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Tallahassee.com

Raise the Wage Act Calls for $15 Minimum Wage

The bill was introduced in the House and Senate and would be the first minimum wage hike in a decade

Brian Young's picture
Jan 26, 2021

Since 2009 the federal minimum wage has been stuck at $7.25 an hour. Currently, 20 states have minimum wages that are at or below the federal minimum wage. However, a new bill in Congress would raise the federal minimum wage to $15 an hour and make future increases automatic.

The bill, called The Raise the Wage Act, would create five wage increases over the next four years so that in 2025 the minimum wage nationally is $15 an hour. Then beginning in 2026, increases would be indexed to median wage growth. This ensures that increases happen at a regular rate instead of at the whim of millionaire politicians in Washington DC. The act would also phase out the tipped worker minimum wage which allows jobs where workers are tipped to pay significantly less than the minimum wage. Federally, the tipped wage is $2.13 per hour. It would also create a sunset for laws allowing workers with disabilities and workers under 20 to be paid a subminimum wage.

The bill currently has 37 co-sponsors in the Senate, and it was introduced by Senate Budget Committee Chairman Bernie Sanders (I-Vt.) and Senate HELP Committee Chair Patty Murray (D-Wash.). In the House, sponsors include House Committee on Education and Labor Chairman Bobby Scott (D-Va.), Congressional Progressive Caucus Chair Pramila Jayapal (D-Wash.), and Rep. Stephanie Murphy (D-Fla.). Both Senate Majority Leader Chuck Schumer and Speaker of the House Nancy Pelosi are supporting the bill.

“Americans working 40 hours a week should be able to put food on the table and a roof over their families’ heads, but with the minimum wage stuck at $7.25, far too many are working hard and still in poverty,” said Senate Majority Leader Chuck Schumer. “Raising the minimum wage to $15 an hour is one step Congress should take right now, particularly with the COVID-19 crisis stretching families’ resources further than ever. I am happy to move forward with this group to make it happen and give the American people a raise.”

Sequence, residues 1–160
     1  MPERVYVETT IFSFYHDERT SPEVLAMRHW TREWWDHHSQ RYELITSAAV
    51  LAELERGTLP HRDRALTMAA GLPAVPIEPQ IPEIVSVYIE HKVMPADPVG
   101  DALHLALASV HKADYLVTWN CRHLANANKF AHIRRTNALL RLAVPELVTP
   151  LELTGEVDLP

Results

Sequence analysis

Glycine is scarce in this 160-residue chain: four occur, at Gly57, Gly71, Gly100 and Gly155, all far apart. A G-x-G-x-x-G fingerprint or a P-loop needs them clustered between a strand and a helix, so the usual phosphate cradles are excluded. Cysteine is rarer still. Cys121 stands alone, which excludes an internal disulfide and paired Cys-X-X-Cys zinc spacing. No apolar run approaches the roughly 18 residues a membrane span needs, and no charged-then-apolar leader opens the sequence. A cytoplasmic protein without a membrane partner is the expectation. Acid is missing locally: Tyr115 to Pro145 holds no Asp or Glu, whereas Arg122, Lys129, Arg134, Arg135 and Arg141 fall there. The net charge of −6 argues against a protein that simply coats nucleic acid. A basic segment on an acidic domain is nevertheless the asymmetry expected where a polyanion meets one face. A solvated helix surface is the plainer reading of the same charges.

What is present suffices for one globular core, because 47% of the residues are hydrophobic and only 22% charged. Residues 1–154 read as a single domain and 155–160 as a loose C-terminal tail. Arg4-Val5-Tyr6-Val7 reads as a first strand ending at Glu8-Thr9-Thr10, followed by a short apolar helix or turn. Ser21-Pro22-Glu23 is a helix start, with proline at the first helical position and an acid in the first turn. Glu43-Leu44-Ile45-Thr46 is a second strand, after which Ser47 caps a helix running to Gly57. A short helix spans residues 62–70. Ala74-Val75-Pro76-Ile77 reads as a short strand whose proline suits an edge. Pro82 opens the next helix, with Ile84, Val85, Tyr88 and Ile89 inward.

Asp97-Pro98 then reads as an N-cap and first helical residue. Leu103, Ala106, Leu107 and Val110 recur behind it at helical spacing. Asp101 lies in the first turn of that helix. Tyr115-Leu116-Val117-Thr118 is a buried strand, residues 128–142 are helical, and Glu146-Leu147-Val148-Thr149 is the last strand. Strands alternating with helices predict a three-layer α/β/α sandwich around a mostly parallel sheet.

According to the Economic Policy Institute (EPI), raising the wage to $15 an hour would lift pay for nearly 32 million workers. That represents about 21% of the US workforce. On average affected workers, who work year-round, would make an extra $3,300 a year. Increasing the minimum wage would also be good for business as the increase would generate $107 billion in extra income for the nation’s lowest earning workers. Historically, these are the people that spend much of their extra earnings, meaning that much of the $107 billion would be injected right back into the economy.

While most people think of minimum wage earners or low-income workers as teenagers flipping burgers at McDonald’s, the truth is that adult women (ages 25-54) would benefit the most. While one in ten teenagers would get a raise, 51% of women between the ages of 25 and 54 would get more money in their paycheck. These are women that work as home health aides, work in retail stores, and even teachers in some states. Many of these are college-educated, full-time workers who have children. Many are also essential workers including substitute teachers ($13.84), nursing assistants ($14.26), and home health aides ($12.15)

While the $15 minimum wage once seemed like a pipe dream, it has now become a reality for many workers. About 40% of the US workforce lives in a state that has approved or reached a $15 minimum wage. These states include California, Connecticut, Florida, Illinois, Maryland, Massachusetts, New Jersey, New York, Virginia, and the District of Columbia. Additionally, Washington, Oregon, Colorado, Arizona, New Mexico, Vermont, Missouri, Michigan, and Maine have minimum wages that range from $12-14.75 an hour.

“Raising the minimum wage to $15 an hour will change my life and let me tell my kids I can give them a better life than mine,” said Kansas City McDonald’s worker Fran Marion. “I’m so proud to join with leaders in Congress today as they reintroduce the Raise the Wage Act, which will give tens of millions of working families like mine the raise we so desperately need. Essential workers have been devastated by the COVID-19 pandemic and we can’t wait for help any longer."

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